Hunting rites and animal rights – one historic, one not so

Those of us who love to hunt are conscious of critics of our pastime with the anti-hunting brigade endlessly at work trying to undermine our legal rights as well as the morality of our traditional practices ‑ our hunting rites. These represent a continuation of the hunter-gatherer instincts which have motivated humans since the dawn of our existence.

Among the most strident anti-hunting views come from the ‘animal rights’ movement, people who believe animals shouldn’t be exploited or adversely interfered with in any way. According to this philosophy, animals should not be used by people whether for food, other products, sport or entertainment.

Yet the proposition that animals should not form part of the human diet is to ignore the evidence of evolution, since from the time our species was emerging in Africa, our existence has mainly been sustained by hunting animals and gathering edible vegetable material. It was only relatively recently the productivity of agriculture was developed sufficiently to sustain permanent towns and then cities.

Humans eat meat, it’s as simple as that. Sure we can exist on a vegetarian diet but it’s misleading to claim we’re not meant to indulge in carnivorous habits. The observation that humans don’t have the dentition of a carnivore has led to claims that meat is unnatural fodder. Clearly we don’t have the teeth for biting and shearing – but we don’t need to.

The fossil record clearly shows ancient humans used stone tools to butcher animals and also evidences the use of fire to cook meat and render it more palatable. If humans had tools which gave them the ability to reliably kill animals – and to cut them up and cook them – the dentition of an omnivore worked just fine.

This was happening more than a million years ago when the early human, Homo erectus, stalked the wilds of Africa and into Asia. Evidence of the use of fire for cooking goes back that far, indeed anthropologists believe it was hunting, meat-eating and the use of tools and fire which distinguished humans from the apes with whom they shared a common ancestry. Modern man and meat-eating are inextricably linked.

During the most recent Ice Age in Europe, peaking about 25,000 years ago, much of northern Europe was covered in ice and in many locations our species, Homo sapiens sapiens, would have existed almost entirely on a meat diet since the summers were too short to provide any alternative and such climate-enforced dependence on hunting and a meat-based diet has continued into the modern era. The Inuit of Canada and Laplanders of Scandinavia – both living in the Arctic Circle – demonstrated well into modern times that an animal-based diet can provide the platform for a sustainable existence – it’s unarguable that meat-eating is unnatural or ‘wrong’ in these instances.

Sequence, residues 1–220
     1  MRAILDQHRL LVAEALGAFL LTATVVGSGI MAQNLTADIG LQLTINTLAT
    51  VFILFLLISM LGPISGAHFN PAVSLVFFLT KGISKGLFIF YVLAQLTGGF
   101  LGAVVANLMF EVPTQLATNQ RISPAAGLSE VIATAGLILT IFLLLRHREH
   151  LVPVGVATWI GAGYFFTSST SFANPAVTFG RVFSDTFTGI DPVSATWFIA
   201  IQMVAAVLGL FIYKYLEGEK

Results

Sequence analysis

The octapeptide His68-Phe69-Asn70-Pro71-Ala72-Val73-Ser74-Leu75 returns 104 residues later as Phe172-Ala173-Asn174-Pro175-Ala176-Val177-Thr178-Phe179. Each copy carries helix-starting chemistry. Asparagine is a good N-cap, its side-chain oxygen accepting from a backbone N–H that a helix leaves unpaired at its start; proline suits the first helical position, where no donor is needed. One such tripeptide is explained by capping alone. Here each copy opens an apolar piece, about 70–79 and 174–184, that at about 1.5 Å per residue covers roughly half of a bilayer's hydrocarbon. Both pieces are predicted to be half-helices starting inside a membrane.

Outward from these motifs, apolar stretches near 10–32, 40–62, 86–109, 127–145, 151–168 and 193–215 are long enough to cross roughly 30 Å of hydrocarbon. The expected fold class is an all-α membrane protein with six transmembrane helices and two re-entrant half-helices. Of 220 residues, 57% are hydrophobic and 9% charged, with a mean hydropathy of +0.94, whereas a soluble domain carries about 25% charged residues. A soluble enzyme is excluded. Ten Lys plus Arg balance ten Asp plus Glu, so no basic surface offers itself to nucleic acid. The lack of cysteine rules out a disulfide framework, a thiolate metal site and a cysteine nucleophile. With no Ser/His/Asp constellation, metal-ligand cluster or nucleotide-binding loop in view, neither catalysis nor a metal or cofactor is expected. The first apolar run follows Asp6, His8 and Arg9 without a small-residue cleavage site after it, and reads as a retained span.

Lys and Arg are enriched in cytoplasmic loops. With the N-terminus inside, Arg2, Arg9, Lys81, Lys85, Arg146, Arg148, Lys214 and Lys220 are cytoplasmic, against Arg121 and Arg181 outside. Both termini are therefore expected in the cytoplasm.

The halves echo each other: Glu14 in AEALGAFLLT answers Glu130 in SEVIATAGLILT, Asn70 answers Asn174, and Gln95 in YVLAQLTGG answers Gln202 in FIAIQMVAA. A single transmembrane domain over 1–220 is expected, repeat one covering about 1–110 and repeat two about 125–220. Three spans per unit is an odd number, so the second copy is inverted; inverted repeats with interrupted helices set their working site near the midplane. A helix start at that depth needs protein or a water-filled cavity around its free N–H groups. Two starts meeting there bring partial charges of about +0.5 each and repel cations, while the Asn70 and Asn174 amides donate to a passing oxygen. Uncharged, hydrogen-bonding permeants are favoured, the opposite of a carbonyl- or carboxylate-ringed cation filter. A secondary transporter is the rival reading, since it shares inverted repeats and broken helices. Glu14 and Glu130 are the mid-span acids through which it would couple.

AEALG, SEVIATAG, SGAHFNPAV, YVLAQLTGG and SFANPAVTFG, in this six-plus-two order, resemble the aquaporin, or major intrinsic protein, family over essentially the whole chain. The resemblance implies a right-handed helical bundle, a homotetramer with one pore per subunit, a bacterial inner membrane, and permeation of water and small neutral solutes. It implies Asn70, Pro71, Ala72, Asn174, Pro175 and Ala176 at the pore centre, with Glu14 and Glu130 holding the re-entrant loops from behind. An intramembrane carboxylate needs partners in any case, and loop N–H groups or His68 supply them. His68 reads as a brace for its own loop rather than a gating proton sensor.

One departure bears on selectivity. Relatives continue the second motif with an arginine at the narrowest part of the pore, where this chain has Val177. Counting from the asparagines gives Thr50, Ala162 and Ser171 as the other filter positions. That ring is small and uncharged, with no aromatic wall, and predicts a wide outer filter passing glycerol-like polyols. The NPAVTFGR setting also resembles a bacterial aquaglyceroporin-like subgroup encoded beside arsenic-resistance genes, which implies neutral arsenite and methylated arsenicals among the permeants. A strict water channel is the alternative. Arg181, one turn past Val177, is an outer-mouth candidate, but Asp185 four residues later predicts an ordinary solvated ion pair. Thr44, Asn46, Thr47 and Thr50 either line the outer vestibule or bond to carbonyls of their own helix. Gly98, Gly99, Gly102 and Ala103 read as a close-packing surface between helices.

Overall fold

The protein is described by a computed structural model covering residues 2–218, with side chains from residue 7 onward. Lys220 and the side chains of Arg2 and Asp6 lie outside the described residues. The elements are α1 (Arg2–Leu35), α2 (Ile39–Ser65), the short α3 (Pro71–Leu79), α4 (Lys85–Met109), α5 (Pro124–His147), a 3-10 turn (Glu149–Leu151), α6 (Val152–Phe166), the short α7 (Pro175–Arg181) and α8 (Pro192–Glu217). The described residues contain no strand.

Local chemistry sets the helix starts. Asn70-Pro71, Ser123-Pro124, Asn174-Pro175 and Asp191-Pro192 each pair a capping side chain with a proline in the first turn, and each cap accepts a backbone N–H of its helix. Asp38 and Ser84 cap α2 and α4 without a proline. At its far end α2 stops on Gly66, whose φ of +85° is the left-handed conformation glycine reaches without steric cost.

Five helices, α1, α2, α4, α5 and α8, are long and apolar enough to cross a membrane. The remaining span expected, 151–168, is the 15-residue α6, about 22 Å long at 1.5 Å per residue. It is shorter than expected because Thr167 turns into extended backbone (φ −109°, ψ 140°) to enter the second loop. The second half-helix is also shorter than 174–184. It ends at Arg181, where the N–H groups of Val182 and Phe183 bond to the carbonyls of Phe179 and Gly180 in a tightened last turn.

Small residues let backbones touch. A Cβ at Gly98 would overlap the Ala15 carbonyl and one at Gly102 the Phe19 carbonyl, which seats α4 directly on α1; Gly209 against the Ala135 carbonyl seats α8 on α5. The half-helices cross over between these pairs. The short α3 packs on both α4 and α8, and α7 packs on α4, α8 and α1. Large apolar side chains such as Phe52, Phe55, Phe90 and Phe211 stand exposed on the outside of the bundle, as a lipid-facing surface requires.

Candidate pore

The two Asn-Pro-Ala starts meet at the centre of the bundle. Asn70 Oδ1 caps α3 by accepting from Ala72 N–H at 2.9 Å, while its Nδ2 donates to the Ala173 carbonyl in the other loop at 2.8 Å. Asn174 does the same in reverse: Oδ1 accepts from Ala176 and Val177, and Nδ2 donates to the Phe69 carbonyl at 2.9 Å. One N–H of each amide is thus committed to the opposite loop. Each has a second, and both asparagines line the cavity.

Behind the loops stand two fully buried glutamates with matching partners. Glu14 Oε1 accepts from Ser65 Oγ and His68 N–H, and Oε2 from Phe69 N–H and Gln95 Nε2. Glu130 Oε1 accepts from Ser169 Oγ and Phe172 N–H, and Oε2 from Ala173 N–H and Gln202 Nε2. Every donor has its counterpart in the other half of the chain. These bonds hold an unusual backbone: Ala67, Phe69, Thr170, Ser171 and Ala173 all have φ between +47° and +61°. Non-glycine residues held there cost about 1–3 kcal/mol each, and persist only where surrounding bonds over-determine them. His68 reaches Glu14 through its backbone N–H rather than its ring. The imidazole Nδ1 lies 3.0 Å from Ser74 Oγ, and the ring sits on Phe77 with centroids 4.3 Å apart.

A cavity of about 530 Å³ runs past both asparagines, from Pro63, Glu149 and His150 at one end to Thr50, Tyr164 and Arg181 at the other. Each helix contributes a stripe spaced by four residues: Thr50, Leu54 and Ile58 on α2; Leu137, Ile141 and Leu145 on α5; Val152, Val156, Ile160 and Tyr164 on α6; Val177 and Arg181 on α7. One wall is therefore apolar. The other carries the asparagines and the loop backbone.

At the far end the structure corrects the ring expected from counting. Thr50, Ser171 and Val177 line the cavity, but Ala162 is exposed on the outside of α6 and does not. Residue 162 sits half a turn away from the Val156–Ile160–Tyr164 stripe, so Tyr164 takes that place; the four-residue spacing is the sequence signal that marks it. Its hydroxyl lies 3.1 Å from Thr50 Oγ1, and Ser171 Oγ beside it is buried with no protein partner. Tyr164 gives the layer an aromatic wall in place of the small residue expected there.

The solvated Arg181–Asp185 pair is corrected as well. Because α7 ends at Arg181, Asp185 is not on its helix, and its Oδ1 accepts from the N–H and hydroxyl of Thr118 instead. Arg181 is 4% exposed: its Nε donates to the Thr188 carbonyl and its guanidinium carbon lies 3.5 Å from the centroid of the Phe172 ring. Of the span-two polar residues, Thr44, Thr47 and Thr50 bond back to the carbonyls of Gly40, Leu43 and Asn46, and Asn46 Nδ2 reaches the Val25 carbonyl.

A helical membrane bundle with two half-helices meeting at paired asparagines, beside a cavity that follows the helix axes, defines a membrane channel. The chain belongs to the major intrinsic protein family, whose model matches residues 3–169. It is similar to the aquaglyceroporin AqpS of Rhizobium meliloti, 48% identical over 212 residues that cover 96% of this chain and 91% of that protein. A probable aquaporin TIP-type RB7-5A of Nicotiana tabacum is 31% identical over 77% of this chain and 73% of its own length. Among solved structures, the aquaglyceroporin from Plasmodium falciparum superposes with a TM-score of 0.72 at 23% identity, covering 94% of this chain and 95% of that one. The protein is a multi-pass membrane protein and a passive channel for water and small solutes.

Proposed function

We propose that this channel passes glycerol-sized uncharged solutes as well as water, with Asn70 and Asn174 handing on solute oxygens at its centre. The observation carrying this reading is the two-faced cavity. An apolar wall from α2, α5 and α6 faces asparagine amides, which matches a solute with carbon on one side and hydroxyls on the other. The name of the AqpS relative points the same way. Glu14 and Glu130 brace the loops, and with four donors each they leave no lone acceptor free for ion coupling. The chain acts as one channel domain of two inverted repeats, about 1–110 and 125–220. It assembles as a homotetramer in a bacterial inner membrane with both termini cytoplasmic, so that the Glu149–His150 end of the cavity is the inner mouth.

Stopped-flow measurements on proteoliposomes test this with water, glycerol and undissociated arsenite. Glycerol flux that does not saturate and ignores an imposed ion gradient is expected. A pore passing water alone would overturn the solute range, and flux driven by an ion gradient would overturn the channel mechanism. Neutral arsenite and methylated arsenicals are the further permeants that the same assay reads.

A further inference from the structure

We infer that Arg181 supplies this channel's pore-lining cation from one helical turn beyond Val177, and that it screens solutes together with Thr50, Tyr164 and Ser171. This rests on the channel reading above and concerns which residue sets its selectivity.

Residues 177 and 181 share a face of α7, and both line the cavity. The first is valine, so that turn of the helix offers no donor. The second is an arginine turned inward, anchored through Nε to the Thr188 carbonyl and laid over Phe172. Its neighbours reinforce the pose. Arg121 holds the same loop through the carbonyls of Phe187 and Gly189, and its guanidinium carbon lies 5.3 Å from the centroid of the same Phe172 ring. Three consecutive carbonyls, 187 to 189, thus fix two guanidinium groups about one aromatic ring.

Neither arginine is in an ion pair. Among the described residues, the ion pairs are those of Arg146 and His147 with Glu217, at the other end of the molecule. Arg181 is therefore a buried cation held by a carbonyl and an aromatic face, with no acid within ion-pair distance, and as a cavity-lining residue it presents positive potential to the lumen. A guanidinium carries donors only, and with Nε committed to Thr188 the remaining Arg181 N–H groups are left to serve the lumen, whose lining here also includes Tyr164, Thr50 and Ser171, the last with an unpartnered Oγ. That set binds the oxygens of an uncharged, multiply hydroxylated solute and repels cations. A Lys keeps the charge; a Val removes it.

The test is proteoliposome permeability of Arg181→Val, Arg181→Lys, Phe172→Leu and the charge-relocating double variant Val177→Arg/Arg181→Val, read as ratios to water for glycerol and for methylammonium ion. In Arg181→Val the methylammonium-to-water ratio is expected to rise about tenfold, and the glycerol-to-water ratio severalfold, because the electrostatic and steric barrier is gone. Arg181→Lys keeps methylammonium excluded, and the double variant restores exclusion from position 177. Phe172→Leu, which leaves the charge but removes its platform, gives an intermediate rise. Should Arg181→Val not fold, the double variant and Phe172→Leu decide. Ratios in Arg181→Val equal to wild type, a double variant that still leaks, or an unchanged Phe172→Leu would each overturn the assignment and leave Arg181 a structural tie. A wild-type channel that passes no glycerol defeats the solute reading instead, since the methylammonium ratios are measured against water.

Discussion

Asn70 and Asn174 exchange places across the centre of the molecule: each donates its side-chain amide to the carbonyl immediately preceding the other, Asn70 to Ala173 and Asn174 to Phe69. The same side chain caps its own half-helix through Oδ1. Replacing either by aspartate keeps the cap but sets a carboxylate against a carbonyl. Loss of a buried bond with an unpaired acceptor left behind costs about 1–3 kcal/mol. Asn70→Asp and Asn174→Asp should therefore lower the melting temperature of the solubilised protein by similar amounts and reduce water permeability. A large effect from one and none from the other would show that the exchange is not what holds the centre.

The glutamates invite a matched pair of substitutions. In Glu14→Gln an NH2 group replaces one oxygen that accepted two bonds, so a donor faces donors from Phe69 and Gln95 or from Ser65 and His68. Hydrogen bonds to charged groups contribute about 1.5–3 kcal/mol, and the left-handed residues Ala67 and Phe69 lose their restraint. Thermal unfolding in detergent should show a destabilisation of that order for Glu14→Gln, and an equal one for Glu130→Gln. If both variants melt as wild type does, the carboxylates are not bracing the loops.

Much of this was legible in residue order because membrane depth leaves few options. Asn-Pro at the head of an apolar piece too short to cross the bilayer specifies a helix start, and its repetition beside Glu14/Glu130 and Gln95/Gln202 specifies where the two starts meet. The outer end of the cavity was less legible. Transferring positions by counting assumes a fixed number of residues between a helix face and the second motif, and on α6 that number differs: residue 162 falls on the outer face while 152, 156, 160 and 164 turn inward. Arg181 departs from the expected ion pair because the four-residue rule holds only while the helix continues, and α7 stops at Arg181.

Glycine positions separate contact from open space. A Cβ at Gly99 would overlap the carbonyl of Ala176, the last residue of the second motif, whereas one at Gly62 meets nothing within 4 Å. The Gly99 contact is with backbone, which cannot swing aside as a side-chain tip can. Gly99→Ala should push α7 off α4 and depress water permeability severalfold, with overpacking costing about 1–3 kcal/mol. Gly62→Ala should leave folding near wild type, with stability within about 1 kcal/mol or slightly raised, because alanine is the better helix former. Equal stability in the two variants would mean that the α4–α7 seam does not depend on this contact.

Those of a Christian persuasion may recall the words of St James Bible (Genesis 1:23): And God said, Let us make man … and let them have dominion over the fish of the sea, and over the fowl of the air, and over the cattle, and over all the earth, and over every creeping thing that creepeth upon the earth.

While many may not interpret this literally, the underlying principle is clear – humans have rights which animals don’t because humans make the rules. If humans say animals have rights it’s because the human brain subjectively conceived of the concept. As ethical hunters we choose to conserve wild populations and to not inflict unnecessary suffering on our quarry. Animal-righters make a judgment call that animals deserve more.

But underneath these arguments is the reality that humans are an exception from the rest of nature. Humans alone have the combination of high intelligence, the ability to pass on knowledge inter-generationally to predictably control the environment in which they live and this control extends to using animals not just for food but a variety of other products. In a world inhabited by more than seven billion human beings, wilderness areas are ever-shrinking and ecosystems under stress. We’d all agree animals and humans would preferably live in a world without such environmental degradation but the animal-righters’ utopia of all creatures blissfully wandering around enjoying a carefree existence, unaffected by human intervention, is just impossible.

One of the fundamental building blocks for animal rights ideas is non-human animals are sentient beings and therefore somehow universally eligible for a benevolent protective umbrella (presumably enforced by the very humans who conceived the concept). Some definitions of animal rights which can be readily found online extend the concept of ‘sentient’ to mean animals have ‘feelings’, presumably equivalent to those felt by humans, and also some form of awareness of self.